A gentle, jar-free ride is cheaper than this year's model.
Ballots for the Fort Collins' municipal election are arriving at residents' homes throughout the city. Along with three council seats up for grab and the mayoral race are three ballot issues.
Ballot issue three, if passed, will extend a current 0.25 percent tax through the year 2015. At this time, the tax is set to expire at the end of the year.
Annually, this additional tax that amounts to 25 cents on a $100 purchase creates $6.2 million in revenue, all of which is used to maintain city roads. A gallon of milk would be taxed a fraction of a cent.
This small tax, which contributes greatly to maintaining transportation in the city, should receive an easy approval from college students.
Colorado weather contributes greatly to road wear such as potholes, which are created when water in cracks freezes and breaks apart the asphalt. More funds need to be allocated for road wear in Colorado than in milder states.
General road repair is important to drivers of older, out of shape cars that cannot take much wear and tear. Students make up a large part of the city's "dying-vehicle" owners.
This tax is important to all commuting students, however.
It is specifically aimed, although not limited, to the repair of curbs, sidewalks and shoulders. For students who utilize alternate methods of transportation such as biking and walking to commute between school and home and to get around town, the repair of these parts of the street are essential.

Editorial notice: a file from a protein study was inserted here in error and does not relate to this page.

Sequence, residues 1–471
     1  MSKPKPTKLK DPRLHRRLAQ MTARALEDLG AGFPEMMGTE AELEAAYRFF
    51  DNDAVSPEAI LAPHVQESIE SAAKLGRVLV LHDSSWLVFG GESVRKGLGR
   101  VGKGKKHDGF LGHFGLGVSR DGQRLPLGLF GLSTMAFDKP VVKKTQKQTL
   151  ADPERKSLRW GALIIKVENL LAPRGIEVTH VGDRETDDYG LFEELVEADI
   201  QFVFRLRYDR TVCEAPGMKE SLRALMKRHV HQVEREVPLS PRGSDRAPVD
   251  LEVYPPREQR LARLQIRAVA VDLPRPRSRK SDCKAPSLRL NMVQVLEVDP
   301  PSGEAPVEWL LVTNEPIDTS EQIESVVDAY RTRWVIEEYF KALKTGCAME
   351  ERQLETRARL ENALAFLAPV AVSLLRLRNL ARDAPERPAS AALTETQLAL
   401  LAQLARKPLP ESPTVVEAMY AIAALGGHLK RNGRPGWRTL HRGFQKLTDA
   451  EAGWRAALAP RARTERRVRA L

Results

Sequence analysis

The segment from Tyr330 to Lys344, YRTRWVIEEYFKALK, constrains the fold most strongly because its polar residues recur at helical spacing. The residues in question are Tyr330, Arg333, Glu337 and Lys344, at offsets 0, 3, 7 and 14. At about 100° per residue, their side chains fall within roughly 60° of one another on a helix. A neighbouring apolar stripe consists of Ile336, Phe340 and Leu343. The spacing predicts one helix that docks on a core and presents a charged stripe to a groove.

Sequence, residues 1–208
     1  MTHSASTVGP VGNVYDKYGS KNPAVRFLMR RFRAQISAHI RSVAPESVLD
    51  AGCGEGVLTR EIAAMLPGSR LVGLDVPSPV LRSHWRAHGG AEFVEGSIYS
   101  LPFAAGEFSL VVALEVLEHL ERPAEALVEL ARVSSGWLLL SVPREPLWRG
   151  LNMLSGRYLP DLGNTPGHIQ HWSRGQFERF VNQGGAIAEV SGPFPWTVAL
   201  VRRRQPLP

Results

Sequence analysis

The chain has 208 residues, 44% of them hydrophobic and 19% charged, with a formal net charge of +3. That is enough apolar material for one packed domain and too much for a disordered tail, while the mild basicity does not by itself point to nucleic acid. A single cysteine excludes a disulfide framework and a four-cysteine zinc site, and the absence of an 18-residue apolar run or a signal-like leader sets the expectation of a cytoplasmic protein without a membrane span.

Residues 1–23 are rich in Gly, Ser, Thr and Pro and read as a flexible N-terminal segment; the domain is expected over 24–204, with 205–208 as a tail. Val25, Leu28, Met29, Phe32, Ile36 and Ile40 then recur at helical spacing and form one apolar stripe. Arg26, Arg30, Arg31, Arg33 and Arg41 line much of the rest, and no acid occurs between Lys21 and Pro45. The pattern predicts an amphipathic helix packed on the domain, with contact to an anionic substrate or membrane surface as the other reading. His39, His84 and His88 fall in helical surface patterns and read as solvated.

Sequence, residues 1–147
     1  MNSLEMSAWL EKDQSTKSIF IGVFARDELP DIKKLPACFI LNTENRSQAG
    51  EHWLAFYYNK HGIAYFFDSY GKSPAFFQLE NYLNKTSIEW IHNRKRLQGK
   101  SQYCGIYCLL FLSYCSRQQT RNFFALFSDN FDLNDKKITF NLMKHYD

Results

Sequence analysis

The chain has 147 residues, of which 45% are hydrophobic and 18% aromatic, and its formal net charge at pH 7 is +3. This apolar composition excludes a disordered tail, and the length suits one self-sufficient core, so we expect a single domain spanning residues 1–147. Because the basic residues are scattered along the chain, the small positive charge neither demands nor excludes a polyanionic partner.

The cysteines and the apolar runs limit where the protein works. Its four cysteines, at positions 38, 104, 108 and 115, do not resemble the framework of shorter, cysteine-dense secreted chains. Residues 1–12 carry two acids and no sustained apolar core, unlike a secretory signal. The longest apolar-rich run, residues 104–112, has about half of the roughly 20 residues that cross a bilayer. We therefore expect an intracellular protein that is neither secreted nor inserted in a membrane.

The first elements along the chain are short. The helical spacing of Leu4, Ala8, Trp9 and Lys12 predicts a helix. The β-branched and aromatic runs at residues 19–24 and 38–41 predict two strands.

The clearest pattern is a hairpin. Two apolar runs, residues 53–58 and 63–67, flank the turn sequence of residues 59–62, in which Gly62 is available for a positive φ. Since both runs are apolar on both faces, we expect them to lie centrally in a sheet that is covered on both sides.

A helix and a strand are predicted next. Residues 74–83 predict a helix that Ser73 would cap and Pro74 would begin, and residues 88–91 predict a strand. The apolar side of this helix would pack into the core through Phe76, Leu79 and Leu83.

This small tax is even smaller for college students. Many will only be in Fort Collins for four years. While long-term residents must decide whether they want to extend the tax for another 10 years, it will only affect current students for a fraction of that time.
The beauty of this tax is that it is not new. Students have been charged for this tax all along. The ballot issue will only extend it for another ten years.
Ballot issue three is a clear choice for students. It keeps roads in good shape with consideration for all methods of transportation in a state where road wear occurs quickly.
Ballot issue one is also addressing a tax, specifically on groceries. It funds a number of city services widely used by college students, including the affordable housing office.
If you have not received a ballot, registered voters may cast a ballot at the Fort Collins Clerk and Recorder's office at 300 LaPorte Ave., in Fort Collins on April 5, 2005. Students can check their voter registration status at the Larimer County elections Web site at www.co.larimer.co.us/elections.
Ben Bleckley is a senior English major. His column runs every Monday in the Collegian.